Kurangun is a bas-relief near Setalan village, in Fahlian district close to Noorabad Momsani on the mountain named Kurangun with the height about 100 m.
This bas-relief dates back to 2400 BC. It has been carved at the edge of a deep precipice and on the river bank of Fahlian. It is likely that it belongs to Goodea, Elamite king.
In this bas-relief the images of god and king with their entourage have been carved. God holds a container with water by his right hand in which the water is bursting out of two branches and he is going toward audiences. The goddess who looks more popular and beautiful though its image is not complete and is going to be destroyed, seems to be sitting on an animal like Sumerian goddess. The figures of women have been carved on the left and the figures of men on the right.
The main part of this bas-relief is related to the worship of a holy couple, there are also 72 other images in different sizes that have been eroded by the passage of time.
Kurangun: site near Fahlian in Fars (Iran), known for its Bronze Age relief.
The relief of Kurangun is one of only two Elamite rock reliefs in the Iranian ...see more province of Fars. The other one is at Naqš-i Rustam. Both show nearly similar scenes, but while the Naqš-i Rustam relief has almost entirely disappeared (erased by a Sasanian audience relief attributed to king Bahram II), the Kurangun relief has been preserved in an excellent condition.Depicting a scene of religious worship, the theme is typical of Elamite rock relief art.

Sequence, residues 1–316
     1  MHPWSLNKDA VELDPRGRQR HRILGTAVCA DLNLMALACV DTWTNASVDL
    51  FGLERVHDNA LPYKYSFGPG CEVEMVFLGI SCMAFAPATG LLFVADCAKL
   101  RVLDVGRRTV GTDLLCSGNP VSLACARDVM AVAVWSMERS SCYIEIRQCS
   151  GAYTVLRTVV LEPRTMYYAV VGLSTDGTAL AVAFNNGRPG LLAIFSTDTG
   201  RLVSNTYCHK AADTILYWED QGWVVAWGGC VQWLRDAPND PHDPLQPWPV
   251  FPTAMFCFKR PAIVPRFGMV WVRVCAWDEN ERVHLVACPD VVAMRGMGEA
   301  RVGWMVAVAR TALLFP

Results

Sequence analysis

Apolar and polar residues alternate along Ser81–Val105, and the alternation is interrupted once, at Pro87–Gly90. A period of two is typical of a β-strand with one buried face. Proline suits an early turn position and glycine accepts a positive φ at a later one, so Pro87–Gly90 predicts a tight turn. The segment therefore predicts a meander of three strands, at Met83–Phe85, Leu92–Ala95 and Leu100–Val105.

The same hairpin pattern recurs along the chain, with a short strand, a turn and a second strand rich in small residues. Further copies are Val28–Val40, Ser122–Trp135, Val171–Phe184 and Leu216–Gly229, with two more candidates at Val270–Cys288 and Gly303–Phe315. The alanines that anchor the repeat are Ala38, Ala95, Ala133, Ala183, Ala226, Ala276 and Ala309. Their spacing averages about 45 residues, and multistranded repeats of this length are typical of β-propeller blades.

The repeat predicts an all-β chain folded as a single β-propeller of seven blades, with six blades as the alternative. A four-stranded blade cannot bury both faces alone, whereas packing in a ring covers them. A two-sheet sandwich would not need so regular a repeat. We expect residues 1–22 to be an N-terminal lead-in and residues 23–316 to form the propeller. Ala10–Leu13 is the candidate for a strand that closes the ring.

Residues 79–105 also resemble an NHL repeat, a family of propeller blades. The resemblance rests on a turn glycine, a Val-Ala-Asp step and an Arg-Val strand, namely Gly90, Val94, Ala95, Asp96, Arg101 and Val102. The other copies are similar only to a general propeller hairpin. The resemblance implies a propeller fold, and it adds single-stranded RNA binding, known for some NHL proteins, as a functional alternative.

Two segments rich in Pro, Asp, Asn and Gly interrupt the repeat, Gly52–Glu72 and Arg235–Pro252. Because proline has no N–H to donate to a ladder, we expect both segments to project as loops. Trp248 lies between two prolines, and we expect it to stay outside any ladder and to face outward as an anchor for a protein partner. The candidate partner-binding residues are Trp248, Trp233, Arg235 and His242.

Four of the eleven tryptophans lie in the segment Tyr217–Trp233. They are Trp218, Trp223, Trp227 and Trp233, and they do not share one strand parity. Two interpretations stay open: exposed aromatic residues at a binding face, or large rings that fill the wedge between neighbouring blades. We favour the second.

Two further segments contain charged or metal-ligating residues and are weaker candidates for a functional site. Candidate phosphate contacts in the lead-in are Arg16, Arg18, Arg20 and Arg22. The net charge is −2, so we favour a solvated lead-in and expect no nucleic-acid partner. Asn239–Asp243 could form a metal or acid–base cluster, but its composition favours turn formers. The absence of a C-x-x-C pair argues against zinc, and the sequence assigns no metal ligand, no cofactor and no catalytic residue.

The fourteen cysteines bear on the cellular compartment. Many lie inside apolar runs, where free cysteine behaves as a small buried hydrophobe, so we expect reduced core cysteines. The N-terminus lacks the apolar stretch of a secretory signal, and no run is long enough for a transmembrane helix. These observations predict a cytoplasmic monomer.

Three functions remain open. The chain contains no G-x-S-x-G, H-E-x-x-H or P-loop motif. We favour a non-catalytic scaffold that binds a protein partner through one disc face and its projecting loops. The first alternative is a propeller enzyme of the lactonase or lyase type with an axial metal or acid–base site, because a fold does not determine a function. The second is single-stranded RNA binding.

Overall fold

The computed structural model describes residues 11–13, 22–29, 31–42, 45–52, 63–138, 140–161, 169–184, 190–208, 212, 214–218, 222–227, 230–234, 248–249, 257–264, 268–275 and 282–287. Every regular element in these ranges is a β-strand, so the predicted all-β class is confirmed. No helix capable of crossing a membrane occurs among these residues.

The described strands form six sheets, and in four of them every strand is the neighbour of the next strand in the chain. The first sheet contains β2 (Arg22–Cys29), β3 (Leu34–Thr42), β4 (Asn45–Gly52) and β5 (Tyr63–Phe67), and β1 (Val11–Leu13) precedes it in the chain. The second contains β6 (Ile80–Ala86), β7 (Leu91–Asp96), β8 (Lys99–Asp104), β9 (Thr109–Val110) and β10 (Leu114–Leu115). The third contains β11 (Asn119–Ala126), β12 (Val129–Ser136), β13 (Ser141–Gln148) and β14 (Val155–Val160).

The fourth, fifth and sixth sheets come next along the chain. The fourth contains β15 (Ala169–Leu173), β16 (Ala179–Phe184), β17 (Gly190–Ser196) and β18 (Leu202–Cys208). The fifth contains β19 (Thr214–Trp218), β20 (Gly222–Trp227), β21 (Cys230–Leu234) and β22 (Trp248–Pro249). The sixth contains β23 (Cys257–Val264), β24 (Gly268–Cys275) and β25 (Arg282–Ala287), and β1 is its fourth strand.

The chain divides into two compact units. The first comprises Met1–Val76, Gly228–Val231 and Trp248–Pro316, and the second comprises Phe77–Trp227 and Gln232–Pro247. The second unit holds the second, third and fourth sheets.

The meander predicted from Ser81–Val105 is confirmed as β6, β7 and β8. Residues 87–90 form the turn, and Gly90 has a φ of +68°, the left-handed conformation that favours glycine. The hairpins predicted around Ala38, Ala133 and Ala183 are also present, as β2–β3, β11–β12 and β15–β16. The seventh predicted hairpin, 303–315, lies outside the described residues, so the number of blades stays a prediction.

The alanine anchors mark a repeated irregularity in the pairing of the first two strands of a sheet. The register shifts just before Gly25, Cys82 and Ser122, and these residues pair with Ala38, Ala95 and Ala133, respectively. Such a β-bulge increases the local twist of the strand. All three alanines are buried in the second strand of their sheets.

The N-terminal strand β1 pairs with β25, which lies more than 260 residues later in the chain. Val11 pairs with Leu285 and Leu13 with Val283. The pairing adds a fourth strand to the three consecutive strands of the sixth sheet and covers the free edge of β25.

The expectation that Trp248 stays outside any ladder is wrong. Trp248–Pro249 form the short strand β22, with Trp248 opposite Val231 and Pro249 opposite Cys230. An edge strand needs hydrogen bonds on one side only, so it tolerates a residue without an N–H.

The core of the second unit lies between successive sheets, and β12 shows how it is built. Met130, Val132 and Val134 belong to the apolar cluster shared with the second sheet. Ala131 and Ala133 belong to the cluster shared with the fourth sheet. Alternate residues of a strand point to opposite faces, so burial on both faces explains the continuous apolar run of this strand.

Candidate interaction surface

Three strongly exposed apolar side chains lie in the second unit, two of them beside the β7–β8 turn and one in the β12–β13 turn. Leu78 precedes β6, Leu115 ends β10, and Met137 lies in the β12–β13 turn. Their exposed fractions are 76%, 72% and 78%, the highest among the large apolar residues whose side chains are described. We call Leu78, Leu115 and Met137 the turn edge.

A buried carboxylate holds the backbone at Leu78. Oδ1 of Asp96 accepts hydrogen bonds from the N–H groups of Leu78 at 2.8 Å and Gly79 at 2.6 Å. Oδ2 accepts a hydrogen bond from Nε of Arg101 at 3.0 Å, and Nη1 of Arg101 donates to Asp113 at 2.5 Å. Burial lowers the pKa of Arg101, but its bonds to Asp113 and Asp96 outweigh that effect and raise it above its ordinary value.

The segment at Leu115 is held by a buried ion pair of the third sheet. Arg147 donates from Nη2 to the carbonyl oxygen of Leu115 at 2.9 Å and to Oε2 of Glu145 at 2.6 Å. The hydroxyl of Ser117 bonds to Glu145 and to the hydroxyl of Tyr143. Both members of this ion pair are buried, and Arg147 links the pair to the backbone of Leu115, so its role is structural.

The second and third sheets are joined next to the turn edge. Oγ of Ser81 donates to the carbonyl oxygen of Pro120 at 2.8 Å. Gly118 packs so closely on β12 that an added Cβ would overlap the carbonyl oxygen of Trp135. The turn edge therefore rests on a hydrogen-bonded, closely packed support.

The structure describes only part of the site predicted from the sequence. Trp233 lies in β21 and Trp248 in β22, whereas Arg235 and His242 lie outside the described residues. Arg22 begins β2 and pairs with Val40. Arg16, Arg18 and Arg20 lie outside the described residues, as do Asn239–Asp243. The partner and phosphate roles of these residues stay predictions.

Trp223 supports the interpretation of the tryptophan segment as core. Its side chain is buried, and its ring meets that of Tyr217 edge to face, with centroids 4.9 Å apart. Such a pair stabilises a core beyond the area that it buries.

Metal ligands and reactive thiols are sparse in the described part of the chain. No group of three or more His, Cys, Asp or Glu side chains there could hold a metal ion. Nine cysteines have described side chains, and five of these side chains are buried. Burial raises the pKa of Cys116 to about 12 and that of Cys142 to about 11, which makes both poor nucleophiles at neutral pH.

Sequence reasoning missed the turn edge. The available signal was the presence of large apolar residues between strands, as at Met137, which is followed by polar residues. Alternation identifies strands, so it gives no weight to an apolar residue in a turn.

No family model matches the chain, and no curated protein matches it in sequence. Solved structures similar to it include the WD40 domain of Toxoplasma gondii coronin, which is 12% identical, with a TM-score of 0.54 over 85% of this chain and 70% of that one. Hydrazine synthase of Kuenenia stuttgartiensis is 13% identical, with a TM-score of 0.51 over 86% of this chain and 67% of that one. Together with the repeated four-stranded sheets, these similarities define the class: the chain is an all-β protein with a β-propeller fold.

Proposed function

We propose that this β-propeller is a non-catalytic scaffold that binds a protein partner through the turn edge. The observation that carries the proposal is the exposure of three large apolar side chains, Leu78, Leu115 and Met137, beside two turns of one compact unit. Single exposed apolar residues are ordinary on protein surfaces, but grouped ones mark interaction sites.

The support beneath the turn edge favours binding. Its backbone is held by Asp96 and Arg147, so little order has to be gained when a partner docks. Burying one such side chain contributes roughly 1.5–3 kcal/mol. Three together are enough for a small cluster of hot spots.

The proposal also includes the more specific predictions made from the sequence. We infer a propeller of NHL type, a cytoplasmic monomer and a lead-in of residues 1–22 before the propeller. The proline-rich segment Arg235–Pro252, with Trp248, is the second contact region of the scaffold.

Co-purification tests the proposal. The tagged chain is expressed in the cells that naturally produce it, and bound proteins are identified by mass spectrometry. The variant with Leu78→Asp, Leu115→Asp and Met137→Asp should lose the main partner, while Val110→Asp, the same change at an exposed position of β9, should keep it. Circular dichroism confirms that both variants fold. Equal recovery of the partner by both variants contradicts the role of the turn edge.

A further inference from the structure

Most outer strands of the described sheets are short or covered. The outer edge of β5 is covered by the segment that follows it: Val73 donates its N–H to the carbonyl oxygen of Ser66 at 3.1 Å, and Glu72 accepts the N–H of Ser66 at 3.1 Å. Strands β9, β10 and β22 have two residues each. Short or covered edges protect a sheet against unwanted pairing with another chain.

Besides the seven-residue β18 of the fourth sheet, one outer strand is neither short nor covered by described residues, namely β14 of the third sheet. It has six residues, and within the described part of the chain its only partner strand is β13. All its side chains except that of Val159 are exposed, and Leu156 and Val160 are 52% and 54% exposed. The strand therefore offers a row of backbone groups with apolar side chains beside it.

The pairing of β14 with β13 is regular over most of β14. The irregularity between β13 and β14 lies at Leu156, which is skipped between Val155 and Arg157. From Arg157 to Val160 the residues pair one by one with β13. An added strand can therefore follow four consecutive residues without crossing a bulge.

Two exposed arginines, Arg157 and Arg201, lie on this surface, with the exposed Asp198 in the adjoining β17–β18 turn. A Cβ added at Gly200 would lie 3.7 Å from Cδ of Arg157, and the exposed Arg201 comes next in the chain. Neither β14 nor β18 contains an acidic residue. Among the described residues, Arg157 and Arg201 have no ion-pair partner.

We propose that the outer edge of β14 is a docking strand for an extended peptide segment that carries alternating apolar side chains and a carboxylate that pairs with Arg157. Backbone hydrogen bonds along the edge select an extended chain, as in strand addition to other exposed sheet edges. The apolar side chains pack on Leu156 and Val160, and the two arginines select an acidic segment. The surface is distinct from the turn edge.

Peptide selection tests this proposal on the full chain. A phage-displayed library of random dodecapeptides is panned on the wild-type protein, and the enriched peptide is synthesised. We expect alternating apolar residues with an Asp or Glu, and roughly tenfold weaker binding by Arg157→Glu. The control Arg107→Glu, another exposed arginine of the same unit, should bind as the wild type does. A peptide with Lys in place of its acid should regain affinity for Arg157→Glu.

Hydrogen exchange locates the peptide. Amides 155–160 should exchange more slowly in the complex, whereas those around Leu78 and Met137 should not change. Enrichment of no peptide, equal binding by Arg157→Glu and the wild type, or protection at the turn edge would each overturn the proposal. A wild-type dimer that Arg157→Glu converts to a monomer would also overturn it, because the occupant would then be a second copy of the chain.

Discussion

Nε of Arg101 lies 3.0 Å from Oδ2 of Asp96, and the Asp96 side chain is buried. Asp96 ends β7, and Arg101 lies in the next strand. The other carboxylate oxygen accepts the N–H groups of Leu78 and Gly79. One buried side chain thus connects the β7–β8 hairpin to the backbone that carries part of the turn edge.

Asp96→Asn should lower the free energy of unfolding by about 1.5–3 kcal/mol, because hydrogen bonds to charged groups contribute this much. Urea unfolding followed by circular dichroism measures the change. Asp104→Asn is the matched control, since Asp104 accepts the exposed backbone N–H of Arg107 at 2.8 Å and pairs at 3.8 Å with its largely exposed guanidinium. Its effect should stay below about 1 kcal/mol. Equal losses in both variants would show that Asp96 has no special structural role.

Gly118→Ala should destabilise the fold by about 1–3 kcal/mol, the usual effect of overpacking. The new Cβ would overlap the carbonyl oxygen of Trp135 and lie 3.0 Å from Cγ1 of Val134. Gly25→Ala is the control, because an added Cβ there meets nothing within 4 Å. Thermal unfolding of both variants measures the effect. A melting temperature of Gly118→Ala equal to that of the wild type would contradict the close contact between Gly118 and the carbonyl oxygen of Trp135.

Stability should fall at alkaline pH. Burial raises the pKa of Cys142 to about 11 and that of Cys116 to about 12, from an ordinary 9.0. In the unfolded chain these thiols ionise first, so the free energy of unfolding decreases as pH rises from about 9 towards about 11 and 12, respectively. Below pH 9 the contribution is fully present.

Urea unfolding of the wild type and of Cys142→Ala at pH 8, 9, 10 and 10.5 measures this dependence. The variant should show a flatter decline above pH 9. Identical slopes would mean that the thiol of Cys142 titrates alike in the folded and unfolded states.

Located in the vicinity of Fahlian (north-west of Nurabad), the relief was carved at the top of a rocky cliff named Kuh-e Paraweh, dominating the Fahlian river (Rud-e Fahlian) flowing in the valley of Dasht-e Rustam-e do. Its isolation from frequented roads, inaccessible for vandals, may explain its excellent state of conservation.
The central panel dates to the seventeenth century BCE and is carved in a rectangular frame. It shows a divine couple, sometimes identified as the god Inšušinak and goddess Napiriša.
Both divinities have a human form. The male figure is seated on a throne made of a bended snake, the animal that symbolizes the earth in the Elamite pantheon. The god wears a horned crown and holds a bowl or a cup from which some smoke or vapor escapes, spreading above at the top of the scene. Behind him sits a female deity.
The divine couple is honored and surrounded by nobles or dignitaries. The panel is separated from the floor by a set of three parallel lines, which separate the upper panel from many silhouettes of fish, which, although eroded, can still be distinguished and probably symbolize the Fahlian river down the cliff.
The panels to the left and right were added in the eighth or seventh centuries and show processions of worshiping characters, all similar to each other, all facing the central scene. These characters are dressed in a fashion different from the gods, wearing typically Elamite clothes (hats with a tail falling down on the back, long coats, and wide trousers), all being represented in a humble praying attitude. This kind of composition is typically Elamite and evokes the reliefs carved in the same period at Kul-e Farah, near Izeh in the Khuzestan province. Another similarity is that all the available rocky surfaces were exploited